Review by Al Giovetti
Price: $35 - $50
Genre: arcade shooter: science fiction flight simulator
Release: November 1996
Developer: Criterion Studios
Requirements: Pentium, 60 MHz, Windows 95, 2X CD ROM, 8 MB RAM, 55 MB hard disk space, SVGA, sound card
History: The first fantasy flight simulator I remember is Dragon Strike. The first science fiction flight simulator for the Atari ST was made by Psygnosis, called Deep Space. Scorced Planet is a combination science fiction and fantasy flight simulator with morphing vehicle. Defender came out for the early Atari console games and it was a big hit. Flying furiously to defend the populace against invading aliens with warps and other structures. Scorced Planet purports to be another Defender.
Company line: Faster than arcade action. More challenging than combat strategy. Blast off into Scorched Planet and leave this world behind. As a fearless rebel pilot, you're the one, the only one, who can save the last human colony from extinction. The enemies? Swarming packs of mutant lizards, spiders and birds as sharp as humans and decidedly more deadly.
Repulse Voraxian attacks. Surge into heart-stopping missions. And race to save what's left of humankind in this real-time three dimensional universe alive with danger. Featuring the most advanced 3-D game engine imaginable, Scorched Planet delivers the fastest most explosive action ever. Use starfighter cunning to ignite the skies with carnage. Force your enemies into battle with pre-emptive strikes. Rip them up in explosive dogfights. Or metamorph your sonic fighter craft into a tank and crush up your opponent's ground forces. With network play and up to 8 person multiplay--think galactically, act locally. Now.
Plot: As an ex-fighter jockey now on deep space freighter assignment, you answer a distress call which results in your repelling an alien attack on a human planet. Somehow you are given a morphing vehicle which can become a hover tank or a fighter aircraft.
Game play: You morph this special vehicle and fight where ever needed. Your weapons seem to be limited to laser blasters, but eventually you discover caches of other ammunition, missiles, guns, powerups, fuel, and a whole bunch of other stuff. The twelve hour defense of the planet is divided into eighteen levels with bosses at the end of every few levels or so, like a side scrolling shooter.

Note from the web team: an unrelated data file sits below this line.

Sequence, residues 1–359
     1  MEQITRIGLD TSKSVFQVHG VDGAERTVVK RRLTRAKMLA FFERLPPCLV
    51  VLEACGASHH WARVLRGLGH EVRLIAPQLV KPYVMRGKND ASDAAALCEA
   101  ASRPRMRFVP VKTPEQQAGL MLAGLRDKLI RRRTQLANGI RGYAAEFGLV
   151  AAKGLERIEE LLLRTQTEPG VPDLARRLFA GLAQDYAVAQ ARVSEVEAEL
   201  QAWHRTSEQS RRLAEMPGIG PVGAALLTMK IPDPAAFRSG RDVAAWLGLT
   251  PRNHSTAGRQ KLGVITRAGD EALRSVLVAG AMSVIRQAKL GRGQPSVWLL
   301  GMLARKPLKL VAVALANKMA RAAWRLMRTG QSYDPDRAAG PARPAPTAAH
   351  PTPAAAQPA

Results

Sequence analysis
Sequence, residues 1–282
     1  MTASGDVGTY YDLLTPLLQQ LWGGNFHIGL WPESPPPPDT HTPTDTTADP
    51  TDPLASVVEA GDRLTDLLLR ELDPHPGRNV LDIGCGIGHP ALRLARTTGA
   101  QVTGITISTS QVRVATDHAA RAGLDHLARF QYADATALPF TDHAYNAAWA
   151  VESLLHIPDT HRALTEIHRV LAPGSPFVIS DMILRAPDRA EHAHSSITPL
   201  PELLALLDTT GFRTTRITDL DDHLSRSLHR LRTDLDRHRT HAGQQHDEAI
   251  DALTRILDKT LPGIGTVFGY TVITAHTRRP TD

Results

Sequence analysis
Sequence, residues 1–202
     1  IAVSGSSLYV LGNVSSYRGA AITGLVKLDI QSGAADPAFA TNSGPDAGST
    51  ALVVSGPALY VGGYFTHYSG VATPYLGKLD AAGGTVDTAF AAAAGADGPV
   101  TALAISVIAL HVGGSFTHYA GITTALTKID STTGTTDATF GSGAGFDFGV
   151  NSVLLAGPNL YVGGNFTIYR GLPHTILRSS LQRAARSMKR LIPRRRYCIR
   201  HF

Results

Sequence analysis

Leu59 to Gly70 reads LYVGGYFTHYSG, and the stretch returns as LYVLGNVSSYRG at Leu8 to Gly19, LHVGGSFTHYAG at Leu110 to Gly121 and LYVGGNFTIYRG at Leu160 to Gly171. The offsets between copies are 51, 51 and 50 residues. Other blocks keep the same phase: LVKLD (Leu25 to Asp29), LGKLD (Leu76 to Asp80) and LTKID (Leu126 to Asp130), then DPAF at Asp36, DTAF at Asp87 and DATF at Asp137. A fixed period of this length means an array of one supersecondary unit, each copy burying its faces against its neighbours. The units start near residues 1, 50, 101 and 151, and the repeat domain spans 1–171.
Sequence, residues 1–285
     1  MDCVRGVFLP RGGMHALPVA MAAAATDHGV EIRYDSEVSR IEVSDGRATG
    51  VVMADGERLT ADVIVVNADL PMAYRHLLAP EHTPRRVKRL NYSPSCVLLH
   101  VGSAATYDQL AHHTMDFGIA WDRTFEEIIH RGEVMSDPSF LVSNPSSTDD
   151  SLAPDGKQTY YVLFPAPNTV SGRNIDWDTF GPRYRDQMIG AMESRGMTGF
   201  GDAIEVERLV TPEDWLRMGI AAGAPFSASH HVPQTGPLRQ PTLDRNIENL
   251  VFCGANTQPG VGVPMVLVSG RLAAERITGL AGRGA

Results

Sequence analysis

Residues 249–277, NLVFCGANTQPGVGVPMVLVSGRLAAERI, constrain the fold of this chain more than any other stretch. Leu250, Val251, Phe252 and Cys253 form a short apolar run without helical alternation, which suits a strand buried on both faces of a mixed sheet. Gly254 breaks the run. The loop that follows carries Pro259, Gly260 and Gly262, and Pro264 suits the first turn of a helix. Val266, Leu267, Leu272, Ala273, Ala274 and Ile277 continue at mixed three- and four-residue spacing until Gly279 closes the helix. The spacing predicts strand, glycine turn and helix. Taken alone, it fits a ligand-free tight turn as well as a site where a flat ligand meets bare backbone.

The colonists can be given instructions with simple commands. The civilians can gather items for the soldiers and make the game a little easier. But a certain number of colonists must survive in order for the mission to be a success. The tank needs no fuel but the fighter does.
The evil attacking horde is made up of mutant lizard ground infantry, killer bees, ravens, and others. The game uses full 360 degree views to increase situational awareness. A very nice feature is the ability to jump from one vehicle to another in the midst of the action, like you could in Domark's Harrier.
Graphics: The graphics are really very smooth as is the animation. There is no close blocky pixelation. The three dimensional graphics are poligonal shaped vehicles and buildings. The environment involves seas, valleys, peaks, and deserts with buildings of various shapes to depict cities. The characters used in the game are true rendered characters and not sprites which are used in many games. The game uses atmospheric enhancements including fog and real-time shadowing to increase realism and expense. Scorced planet allows you to choose amoung multiple high and low resolution modes to change speed and performance. Scorched Planet supports 3D accelerator boards for stunningly smooth graphics including Creative Labs' 3D BlasterTM, Matrox MystiqueTM, Orchid's Righteous 3DTM, and Diamond's Monster 3DTM.
Voice actors: poor
Music score: mediocre
Sound effects: The average sound effects have three dimensional directional effects.
Multiplayer: Support for eight players over a network
Reviewer: Jason and Computer Player seem extremely fond of (70%) this December release, perhaps they are in the Christmas spirit. Craig despised this game. Boot said, "...you'll want to keep coming back for more." PC Games said, "..one of the hottest games of the year." PC Games went on to say that, "Scorched Planet pads out as a surprisingly in-depth action shooter for a game that makes no bones about its resemblance to Defender."
Scorched Planet Web Site
Rebecca B. Anderson, GameSpot Preview
Jason D'Aprile, Computer Player, volume 1, number 7, December, 1996, pg. 72, (70%).
Tim Royal, Computer Games, issue 77, April, 1997, pg. 73-74, 80%.
Craig Wessel, Computer Gaming World, issue 154, April, 1997, pg. 94, 40%.
Colin Williamson, PC Gamer, volume 4, number 4, April, 1997, pg. 146, 85%.
Robert E. Allen III, GamePen Review, 75%.
Boot PC Games PC Zone
Please send us your comments and suggestions.